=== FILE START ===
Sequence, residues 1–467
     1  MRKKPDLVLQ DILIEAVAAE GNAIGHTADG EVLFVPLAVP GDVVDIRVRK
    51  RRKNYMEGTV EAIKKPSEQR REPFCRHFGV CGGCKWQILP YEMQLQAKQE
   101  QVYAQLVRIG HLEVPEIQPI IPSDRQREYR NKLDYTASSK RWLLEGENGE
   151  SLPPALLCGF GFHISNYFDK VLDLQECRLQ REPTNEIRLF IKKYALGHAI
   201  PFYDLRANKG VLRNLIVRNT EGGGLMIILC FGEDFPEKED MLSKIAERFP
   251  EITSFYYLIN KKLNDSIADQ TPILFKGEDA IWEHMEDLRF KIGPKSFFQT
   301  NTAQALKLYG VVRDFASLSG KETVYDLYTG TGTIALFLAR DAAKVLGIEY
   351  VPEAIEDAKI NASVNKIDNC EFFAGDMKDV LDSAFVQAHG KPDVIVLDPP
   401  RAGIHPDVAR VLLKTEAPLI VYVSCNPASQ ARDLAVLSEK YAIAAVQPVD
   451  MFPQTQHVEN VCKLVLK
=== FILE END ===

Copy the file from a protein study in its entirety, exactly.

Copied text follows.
Sequence, residues 1–467
     1  MRKKPDLVLQ DILIEAVAAE GNAIGHTADG EVLFVPLAVP GDVVDIRVRK
    51  RRKNYMEGTV EAIKKPSEQR REPFCRHFGV CGGCKWQILP YEMQLQAKQE
   101  QVYAQLVRIG HLEVPEIQPI IPSDRQREYR NKLDYTASSK RWLLEGENGE
   151  SLPPALLCGF GFHISNYFDK VLDLQECRLQ REPTNEIRLF IKKYALGHAI
   201  PFYDLRANKG VLRNLIVRNT EGGGLMIILC FGEDFPEKED MLSKIAERFP
   251  EITSFYYLIN KKLNDSIADQ TPILFKGEDA IWEHMEDLRF KIGPKSFFQT
   301  NTAQALKLYG VVRDFASLSG KETVYDLYTG TGTIALFLAR DAAKVLGIEY
   351  VPEAIEDAKI NASVNKIDNC EFFAGDMKDV LDSAFVQAHG KPDVIVLDPP
   401  RAGIHPDVAR VLLKTEAPLI VYVSCNPASQ ARDLAVLSEK YAIAAVQPVD
   451  MFPQTQHVEN VCKLVLK